The great artificial point guard debate: George Hill as “The Singularity”
Can the spark of the divine be created in something where it is not inherent? Creativity can be nurtured, but in doing so is it instilling something that was not there before or simply providing the tools to express what already was?
More importantly, at least for the purpose of this discussion and the future development of one George Hill, are point guards created or born?
Raymond Kurzweil is a smart fellow you may have read about earlier in the season during our MIT Sloan Conference coverage. Kurzweil, our own Timothy Varner noted, is a member of the Singularity Summit, a gathering of like-minded intellectuals who believe that artificial intelligence will meet and surpass human intelligence within many of our lifetimes.
To back his claims Kurzweil notes the rate of technology growth is exponential, not linear, as highlighted back in February in Time Magazine:
Computers are getting faster. Everybody knows that. Also, computers are getting faster—faster that is, the rate at which they’re getting faster is increasing.
So if computers are getting so much faster, so incredibly fast, there might conceivably come a moment when they are capable of something comparable to human intelligence. Artificial intelligence. All that horsepower could be put in the service of emulating whatever it is our brains are doing when they create consciousness—not just doing arithmetic very quickly or composing piano music but also driving cars, writing books, making ethical decisions, appreciating fancy paintings, making witty observations at cocktail parties.
Kurzweil, you see, built a pretty impressive machine at the age of 17 years old, a computer that analyzed patterns in the works of classical composers and produced original musical compositions in similar styles; machine creating art, a feat once reserved only for humans. The machine obviously lacked the ability to attach meaning to such compositions, but that’s not the point. Kurzweil programmed a machine with enough tools to fake creativity.
The entire field of artificial intelligence, or AI, is devoted to this question. But AI doesn’t currently produce the kind of intelligence we associate with humans or even with talking computers in movies—HAL or C3PO or Data. Actual AIs tend to be able to master only one highly specific domain, like interpreting search queries or playing chess. They operate within an extremely specific frame of reference. They don’t make conversation at parties. They’re intelligent, but only if you define intelligence in a vanishingly narrow way.
If current AI allows for mastery of one specific domain, then the next step would be to program mastery in enough specific domains to pass for human intelligence within that frame of reference.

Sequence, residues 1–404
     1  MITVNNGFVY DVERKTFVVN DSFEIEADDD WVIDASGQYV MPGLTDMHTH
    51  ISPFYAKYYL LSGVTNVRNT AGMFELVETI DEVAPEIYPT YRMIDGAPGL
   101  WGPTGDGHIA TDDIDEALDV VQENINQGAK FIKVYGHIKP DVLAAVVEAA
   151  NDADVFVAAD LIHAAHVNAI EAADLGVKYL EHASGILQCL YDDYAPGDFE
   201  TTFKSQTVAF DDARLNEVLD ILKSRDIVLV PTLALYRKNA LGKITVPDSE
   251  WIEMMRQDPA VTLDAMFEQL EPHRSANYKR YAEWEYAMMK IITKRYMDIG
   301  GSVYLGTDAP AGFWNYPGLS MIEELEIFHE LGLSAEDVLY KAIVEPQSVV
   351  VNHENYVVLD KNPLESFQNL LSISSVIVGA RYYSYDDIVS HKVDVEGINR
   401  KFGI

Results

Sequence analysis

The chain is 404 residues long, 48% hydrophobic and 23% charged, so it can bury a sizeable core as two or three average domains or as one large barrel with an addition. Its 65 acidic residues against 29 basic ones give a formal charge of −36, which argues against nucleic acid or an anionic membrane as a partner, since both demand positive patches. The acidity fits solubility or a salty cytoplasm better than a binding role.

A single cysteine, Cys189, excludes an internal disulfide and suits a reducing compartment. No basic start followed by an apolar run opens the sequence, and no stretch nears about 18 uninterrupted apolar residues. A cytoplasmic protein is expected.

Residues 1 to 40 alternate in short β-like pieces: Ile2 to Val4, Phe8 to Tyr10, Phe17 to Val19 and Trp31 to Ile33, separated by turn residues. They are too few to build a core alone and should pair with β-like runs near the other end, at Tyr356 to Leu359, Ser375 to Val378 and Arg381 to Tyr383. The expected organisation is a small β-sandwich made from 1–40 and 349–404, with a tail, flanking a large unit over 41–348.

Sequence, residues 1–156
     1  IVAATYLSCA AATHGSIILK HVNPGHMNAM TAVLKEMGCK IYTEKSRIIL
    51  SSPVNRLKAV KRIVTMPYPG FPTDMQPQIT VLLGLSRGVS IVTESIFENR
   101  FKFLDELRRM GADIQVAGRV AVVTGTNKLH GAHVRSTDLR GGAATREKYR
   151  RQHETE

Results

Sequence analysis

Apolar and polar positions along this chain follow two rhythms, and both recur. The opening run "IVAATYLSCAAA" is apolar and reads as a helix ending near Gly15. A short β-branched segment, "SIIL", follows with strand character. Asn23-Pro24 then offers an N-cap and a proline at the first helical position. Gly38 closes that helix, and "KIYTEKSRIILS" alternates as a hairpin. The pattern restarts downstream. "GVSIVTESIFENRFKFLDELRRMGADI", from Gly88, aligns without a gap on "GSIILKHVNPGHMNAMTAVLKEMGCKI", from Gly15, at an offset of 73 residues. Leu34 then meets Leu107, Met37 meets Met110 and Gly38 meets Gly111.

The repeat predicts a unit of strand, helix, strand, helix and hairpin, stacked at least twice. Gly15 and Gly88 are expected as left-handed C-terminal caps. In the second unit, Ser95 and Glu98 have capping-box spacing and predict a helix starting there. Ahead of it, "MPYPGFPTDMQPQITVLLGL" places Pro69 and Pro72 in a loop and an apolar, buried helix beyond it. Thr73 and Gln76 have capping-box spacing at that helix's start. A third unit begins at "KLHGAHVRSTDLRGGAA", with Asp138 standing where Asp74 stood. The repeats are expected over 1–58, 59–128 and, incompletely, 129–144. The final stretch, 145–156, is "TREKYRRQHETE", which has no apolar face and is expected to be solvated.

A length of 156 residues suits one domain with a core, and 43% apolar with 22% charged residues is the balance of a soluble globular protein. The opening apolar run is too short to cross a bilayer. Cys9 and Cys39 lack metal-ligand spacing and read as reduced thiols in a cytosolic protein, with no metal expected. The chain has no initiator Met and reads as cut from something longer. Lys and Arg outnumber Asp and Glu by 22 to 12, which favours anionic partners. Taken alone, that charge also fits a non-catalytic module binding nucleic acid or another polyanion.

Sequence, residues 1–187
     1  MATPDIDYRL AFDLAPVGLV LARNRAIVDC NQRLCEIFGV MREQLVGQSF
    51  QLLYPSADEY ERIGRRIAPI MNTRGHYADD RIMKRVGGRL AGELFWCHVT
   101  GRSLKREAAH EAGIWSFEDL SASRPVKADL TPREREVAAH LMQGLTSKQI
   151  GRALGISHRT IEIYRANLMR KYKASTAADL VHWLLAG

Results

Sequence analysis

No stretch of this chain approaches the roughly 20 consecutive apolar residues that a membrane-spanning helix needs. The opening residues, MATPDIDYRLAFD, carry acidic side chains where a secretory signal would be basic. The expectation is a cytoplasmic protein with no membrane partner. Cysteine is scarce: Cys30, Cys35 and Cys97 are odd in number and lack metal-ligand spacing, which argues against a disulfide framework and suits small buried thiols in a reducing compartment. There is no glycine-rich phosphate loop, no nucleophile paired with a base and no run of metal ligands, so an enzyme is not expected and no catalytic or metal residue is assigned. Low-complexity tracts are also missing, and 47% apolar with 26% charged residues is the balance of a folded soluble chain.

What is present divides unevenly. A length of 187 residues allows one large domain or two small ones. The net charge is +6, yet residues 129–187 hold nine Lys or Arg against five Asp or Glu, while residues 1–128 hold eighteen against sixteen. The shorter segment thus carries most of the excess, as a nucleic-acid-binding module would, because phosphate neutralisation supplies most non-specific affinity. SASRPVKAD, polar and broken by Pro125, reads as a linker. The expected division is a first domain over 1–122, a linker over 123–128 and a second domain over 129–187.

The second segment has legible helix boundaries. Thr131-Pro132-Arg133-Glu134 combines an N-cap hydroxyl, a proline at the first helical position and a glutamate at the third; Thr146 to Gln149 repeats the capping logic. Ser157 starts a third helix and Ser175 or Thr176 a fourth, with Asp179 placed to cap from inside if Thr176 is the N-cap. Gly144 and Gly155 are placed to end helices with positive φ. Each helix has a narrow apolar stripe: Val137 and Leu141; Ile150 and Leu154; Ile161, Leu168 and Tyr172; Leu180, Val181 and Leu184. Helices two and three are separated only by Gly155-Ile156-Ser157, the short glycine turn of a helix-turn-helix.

Teach a machine how to move its fingers then you can teach it how to catch and dribble, then pretty soon it’s playing a game of basketball. At some point the development of technology reaches a point where the machine is no longer faking, it’s actually thinking on par with human intelligence. Kurzweil and others refer to this as the singularity: a point at which all bets are off.
This brings me, finally, to George Hill. To say that Hill is not a natural point guard is an understatement. Last year when folks were clamoring for the Spurs to trade Tony Parker because the emergence of “Indiana George,” they failed to realize Hill’s low assist rate and the high (for a point guard) rate on which his baskets were assisted on. In short, Hill did not have the instincts to create much for himself or others.
This fact would seem detrimental to his development. A player can get better at shooting or work on ball handling but creativity in basketball is generally something a player either possesses or does not.
How many superior athletes with requisite individual skills have failed in attempts to convert into pure basketball players? (You can teach them to shoot, dribble, and make a chest pass, but you can’t necessarily teach them how to play basketball if you catch my drift)
It would lend credence towards one of the theories of player development extolled by ESPN’s John Hollinger. Players with higher turnover rates at a younger age have a higher ceiling for growth, the turnovers representing sparks of failed creativity—but creativity nonetheless—that will eventually be honed through trial and error.
Players like Al Jefferson or Steve Nash enter the NBA with an intuitive feel for scoring or passing and become the players they are today after they learn the technical aspects of footwork or reading defenses properly. These are merely tools to channel what is already there.
Reverse that process, provide the skill sets without instincts in place and you get a player—much like Emeka Okafor—whose game is, for lack of a better word, robotic.